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For as long as I remember, I’ve had the incessant itch to attend post-secondary out of province. Why or how I would do that was beyond me— it was a shot in the dark I kept believing in. I left BC for Toronto, Ontario and quickly fell in love with the city: sprawling, metropolitan,  brimming with ambition and candour. I fell in love with the friends I’ve made here soon after. Still, I have the itch to do this all over again; to experience the thrill of someplace new. Ideally, I’d like to take my friends with me to co-exist in cozy apartments we’ve split the rent for. Here are the cities I’m currently crushing on:

Hong Kong

Wong Kar Wai’s romantic, dream-like depictions of Hong Kong in films like Chungking Express, In The Mood for Love, and Fallen Angels have me smitten with the neon textures of the city. I’ve always been wary of losing my mother tongue, Cantonese, so I would like the opportunity to immerse myself in the language again. As a media production major, I'm also interested in working in Hong Kong’s prolific film and T.V industry.

New York

When I was twelve, I took a quiz on Seventeen Magazine’s website to determine what post-secondary school I should attend. The results showed my interests would best fit a campus like NYU. I decided to stay in Canada for university, but it’s still an aspiration of mine to live in New York, perusing art galleries and attending theatre shows.



Movies like 20th Century Women have made me romanticize a laid back, adventurous life in California. Of course, LA has to be on the list. I’d drive up to the beaches of Malibu and Santa Barbara on the weekend, admiring palm trees and cacti along the way.


I visited Montreal for a day on a road trip with a volunteer group, and have been missing the city ever since. Montreal’s architecture makes you feel as though you’ve been transported to a European city, while still infusing metropolitan elements. Who can shy away from a city bustling with liveliness, culture, and delicious food?


The novel Eat Pray Love by Elizabeth Gilbert has encouraged me to prioritize a work-life balance, which Gilbert attempted to strike in her three months in Italy. I too, would like to live in an environment in which I don’t feel ceaselessly pressured to hustle. 

“Planet Advertising in America orbits completely around the need to convince the uncertain consumer that yes, you have actually warranted a special treat. This Bud's for You! You Deserve a Break Today! Because You're Worth It! You've Come a Long Way, Baby… Such advertising campaigns would probably not be as effective in the Italian culture, where people already know that they are entitled to enjoyment in this life. The reply in Italy to "You Deserve a Break Today" would probably be, Yeah, no duh. That's why I'm planning on taking a break at noon, to go over to your house and sleep with your wife.” (Gilbert)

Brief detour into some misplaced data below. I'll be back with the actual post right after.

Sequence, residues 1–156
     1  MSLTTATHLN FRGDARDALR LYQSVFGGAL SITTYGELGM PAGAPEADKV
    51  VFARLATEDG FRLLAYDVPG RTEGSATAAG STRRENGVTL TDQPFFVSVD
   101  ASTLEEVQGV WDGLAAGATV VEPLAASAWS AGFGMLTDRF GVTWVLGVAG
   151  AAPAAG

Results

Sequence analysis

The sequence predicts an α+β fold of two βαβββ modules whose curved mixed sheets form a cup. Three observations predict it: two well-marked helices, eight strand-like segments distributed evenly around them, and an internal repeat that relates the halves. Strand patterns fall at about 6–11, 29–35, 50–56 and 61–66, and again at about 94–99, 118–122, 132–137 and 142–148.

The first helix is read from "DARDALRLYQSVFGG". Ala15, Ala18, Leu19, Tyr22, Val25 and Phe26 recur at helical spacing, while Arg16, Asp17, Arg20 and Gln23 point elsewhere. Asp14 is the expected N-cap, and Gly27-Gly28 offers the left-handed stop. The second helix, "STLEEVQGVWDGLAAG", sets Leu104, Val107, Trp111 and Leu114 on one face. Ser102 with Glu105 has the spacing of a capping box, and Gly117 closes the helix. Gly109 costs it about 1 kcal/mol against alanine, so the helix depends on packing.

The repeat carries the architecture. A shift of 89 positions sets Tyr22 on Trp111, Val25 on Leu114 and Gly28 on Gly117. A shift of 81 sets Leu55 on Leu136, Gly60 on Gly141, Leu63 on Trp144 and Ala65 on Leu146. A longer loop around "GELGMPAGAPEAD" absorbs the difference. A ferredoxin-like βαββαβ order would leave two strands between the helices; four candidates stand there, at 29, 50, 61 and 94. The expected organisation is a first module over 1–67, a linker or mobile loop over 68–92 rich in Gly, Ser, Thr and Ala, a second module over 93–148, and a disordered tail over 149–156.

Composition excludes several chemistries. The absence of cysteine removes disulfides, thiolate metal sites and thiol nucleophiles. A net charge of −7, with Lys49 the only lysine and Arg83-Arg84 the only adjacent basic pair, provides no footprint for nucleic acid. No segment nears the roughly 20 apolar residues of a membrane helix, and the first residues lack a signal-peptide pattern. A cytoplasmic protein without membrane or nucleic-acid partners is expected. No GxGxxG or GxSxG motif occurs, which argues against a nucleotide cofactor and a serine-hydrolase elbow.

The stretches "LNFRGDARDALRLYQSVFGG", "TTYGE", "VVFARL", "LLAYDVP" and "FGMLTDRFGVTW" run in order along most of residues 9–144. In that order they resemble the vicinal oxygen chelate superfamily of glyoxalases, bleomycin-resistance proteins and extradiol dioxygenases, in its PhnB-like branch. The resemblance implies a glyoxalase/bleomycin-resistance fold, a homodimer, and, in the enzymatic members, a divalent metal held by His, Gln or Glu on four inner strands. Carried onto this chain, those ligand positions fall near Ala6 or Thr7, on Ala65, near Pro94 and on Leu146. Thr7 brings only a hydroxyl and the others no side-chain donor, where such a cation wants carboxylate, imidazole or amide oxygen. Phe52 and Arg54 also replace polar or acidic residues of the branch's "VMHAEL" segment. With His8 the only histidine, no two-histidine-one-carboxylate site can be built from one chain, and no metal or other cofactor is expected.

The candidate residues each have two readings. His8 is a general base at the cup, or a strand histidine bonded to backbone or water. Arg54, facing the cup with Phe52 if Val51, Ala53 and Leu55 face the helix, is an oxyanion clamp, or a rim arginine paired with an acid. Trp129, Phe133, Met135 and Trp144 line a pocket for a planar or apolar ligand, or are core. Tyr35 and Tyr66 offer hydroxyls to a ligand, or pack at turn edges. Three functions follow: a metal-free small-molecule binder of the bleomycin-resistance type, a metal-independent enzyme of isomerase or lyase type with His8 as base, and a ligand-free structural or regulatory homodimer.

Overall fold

As a West Coast native, I have a soft spot for the Pacific Northwest. An Oregon travel diary from Goodnight Moon, an ASMR youtuber, spurred cozy fantasies of living in Portland. I imagined myself spending mornings in charming bookstore cafes and afternoons in quirky antique shops. The city itself seems so wonderfully strange in the way Pacific Northwest cities are.


Halifax is the kind of city I want to retire in. The quaint port city features charming candy-coloured houses and peaceful docks to stroll along while having locally made ice cream. Not to mention, Halifax is home to Peggy’s Cove, an iconic Canadian attraction with a sublime view of the Atlantic Ocean.

Cape Cod

As a kid, I was obsessed with a middle-grade novel series The Wedding Planner’s Daughter. The books were set in Cape Cod, which made me fall in love with the idea of riding a bike to the beach each morning to eat saltwater taffy and read classic literature. Cape Cod is another contender for a dream retirement. (Or vacation home. A girl can dream.)

Nikita Zhang

Toronto MU '22

Nikita's hipster high school teachers sparked her love for slice-of-life podcasts, books, and movies. Whether oversharing through introspective conversations or scribbling journal entries, she'll do whatever it takes to make sense of life. One day, she hopes to write stories for the screen, the radio, or for print. On the side, she bakes and plays the piano mediocrely but passionately.
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